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Craig VanGrasstek

Washington, DC
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  • The Battle of Bretton Woods

  • John Maynard Keynes, Harry Dexter White, and the Making of a New World Order
  • By: Benn Steil
  • Narrated by: Philip Rose
  • Length: 15 hrs and 53 mins
  • Unabridged
  • Overall
    3.5 out of 5 stars 176
  • Performance
    4 out of 5 stars 142
  • Story
    4 out of 5 stars 145

When turmoil strikes world monetary and financial markets, leaders invariably call for "a new Bretton Woods" to prevent catastrophic economic disorder and defuse political conflict. The name of the remote New Hampshire town where representatives of 44 nations gathered in July 1944, in the midst of the century's second great war, has become shorthand for enlightened globalization.

  • 4 out of 5 stars
  • Fascinating!

  • By James Pritchett on 05-29-13

Economic rigor with a dash of thriller

Overall
5 out of 5 stars
Performance
5 out of 5 stars
Story
5 out of 5 stars

Reviewed: 06-29-18

A fitting prequel to his later examination of the Marshall Plan, Benn Steil’s review of the economic and political issues surrounding the Bretton Woods conference combines a tour de horizon of the allies’ policy challenges with compelling biographies of the conference’s two leading characters. John Maynard Keynes is usually the most attention-grabbing character in any story where he played a part, but in this one he is upstaged by the as-yet unresolved questions surrounding the relationship between Harry Dexter White and Soviet intelligence. Even listeners who might ordinarily shy away from the intricacies of international economics will find this tale engaging and enlightening.

  • The Marshall Plan

  • Dawn of the Cold War
  • By: Benn Steil
  • Narrated by: Arthur Morey
  • Length: 16 hrs and 34 mins
  • Unabridged
  • Overall
    4.5 out of 5 stars 161
  • Performance
    4.5 out of 5 stars 149
  • Story
    4.5 out of 5 stars 149

The award-winning author of The Battle of Bretton Woods reveals the gripping history behind the Marshall Plan—told with verve, insight, and resonance for today.

In the wake of World War II, with Britain’s empire collapsing and Stalin's on the rise, US officials under new secretary of state George C. Marshall set out to reconstruct western Europe as a bulwark against communist authoritarianism. Their massive, costly, and ambitious undertaking would confront Europeans and Americans alike with a vision at odds with their history and self-conceptions. In the process, they would drive the creation of NATO, the European Union, and a Western identity that continues to shape world events.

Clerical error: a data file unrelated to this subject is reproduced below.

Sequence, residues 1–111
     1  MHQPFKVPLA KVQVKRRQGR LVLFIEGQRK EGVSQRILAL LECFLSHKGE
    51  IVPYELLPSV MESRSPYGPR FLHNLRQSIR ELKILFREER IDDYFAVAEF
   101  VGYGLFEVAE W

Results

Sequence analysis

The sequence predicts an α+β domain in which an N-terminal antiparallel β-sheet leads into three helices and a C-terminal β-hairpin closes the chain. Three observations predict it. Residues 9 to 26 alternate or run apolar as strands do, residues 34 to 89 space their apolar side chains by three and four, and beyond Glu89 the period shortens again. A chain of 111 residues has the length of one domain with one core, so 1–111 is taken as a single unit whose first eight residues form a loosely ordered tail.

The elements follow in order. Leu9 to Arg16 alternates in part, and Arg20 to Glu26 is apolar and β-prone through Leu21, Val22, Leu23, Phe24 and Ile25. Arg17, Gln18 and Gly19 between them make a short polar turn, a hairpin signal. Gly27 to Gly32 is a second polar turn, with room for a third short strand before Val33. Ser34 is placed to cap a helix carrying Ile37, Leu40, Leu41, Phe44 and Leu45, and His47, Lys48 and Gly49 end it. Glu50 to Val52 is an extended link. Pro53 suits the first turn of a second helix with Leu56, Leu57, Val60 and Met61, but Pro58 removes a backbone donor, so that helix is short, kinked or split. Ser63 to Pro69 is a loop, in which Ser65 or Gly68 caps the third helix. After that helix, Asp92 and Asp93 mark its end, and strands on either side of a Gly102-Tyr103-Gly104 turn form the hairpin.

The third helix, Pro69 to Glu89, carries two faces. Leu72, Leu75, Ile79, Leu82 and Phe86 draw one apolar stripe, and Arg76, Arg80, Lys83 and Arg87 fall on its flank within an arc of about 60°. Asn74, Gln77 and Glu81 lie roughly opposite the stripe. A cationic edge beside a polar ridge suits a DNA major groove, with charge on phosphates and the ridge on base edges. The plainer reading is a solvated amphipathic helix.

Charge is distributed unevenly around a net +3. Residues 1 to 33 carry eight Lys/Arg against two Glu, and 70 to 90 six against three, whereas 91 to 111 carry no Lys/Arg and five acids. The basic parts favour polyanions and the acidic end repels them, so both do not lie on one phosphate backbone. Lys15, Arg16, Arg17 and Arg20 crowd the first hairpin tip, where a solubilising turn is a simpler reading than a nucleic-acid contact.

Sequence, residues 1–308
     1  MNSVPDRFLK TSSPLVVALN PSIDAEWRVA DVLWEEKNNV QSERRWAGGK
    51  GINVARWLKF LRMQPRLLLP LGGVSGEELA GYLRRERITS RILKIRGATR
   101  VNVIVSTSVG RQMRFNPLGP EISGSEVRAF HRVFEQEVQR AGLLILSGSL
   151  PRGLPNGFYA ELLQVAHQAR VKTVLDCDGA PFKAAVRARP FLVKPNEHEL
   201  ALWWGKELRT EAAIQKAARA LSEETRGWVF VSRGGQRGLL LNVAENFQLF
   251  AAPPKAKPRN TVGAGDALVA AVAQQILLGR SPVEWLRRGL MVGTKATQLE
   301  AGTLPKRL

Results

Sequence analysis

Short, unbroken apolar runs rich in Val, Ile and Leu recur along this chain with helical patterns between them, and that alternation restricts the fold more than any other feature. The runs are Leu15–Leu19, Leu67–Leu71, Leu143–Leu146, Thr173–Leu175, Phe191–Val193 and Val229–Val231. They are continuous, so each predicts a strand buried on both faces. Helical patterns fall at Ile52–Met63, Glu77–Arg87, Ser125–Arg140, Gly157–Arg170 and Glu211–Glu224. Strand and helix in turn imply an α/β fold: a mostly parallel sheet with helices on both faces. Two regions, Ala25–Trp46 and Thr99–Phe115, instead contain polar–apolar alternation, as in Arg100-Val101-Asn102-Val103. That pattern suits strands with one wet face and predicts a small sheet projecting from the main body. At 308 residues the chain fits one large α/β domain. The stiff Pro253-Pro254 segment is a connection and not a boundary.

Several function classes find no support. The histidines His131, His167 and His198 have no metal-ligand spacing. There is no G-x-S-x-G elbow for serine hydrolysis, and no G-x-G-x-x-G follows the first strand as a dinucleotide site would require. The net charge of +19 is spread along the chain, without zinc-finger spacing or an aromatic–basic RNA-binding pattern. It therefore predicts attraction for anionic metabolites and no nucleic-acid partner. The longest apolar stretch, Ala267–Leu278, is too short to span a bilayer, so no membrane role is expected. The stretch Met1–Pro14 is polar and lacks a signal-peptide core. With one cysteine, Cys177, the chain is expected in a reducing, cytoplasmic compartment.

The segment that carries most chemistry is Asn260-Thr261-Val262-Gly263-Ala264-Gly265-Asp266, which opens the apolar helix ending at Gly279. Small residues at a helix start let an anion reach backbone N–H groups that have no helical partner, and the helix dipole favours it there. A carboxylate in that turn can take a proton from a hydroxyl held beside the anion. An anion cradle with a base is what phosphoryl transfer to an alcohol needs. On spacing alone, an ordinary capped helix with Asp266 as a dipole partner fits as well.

Focusing on the critical years 1947 to 1949, Benn Steil’s thrilling account brings to life the seminal episodes marking the collapse of postwar US-Soviet relations—the Prague coup, the Berlin blockade, and the division of Germany. In each case, we see and understand like never before Stalin’s determination to crush the Marshall Plan and undermine American power in Europe.

Given current echoes of the Cold War, as Putin’s Russia rattles the world order, the tenuous balance of power and uncertain order of the late 1940s is as relevant as ever. The Marshall Plan provides critical context into understanding today’s international landscape. Bringing to bear fascinating new material from American, Russian, German, and other European archives, Steil’s account will forever change how we see the Marshall Plan and the birth of the Cold War. A polished and masterly work of historical narrative, this is an instant classic of Cold War literature.

  • 5 out of 5 stars
  • A Deeply Researched Narrative

  • By Jean on 10-18-18

A 20th century history speaks to the 21st century

Overall
5 out of 5 stars
Performance
5 out of 5 stars
Story
5 out of 5 stars

Reviewed: 06-29-18

Benn Steil's admirably detailed and textured examination of this critical Cold War initiative not only brings out the challenges faced by Harry Truman, George Marshall, and their subordinates, as well as their allies and adversaries, but clearly connects the choices that they made to today's controversies. Arthur Morey delivers the text with just the right pace and intonation.

1 of 2 people found this review helpful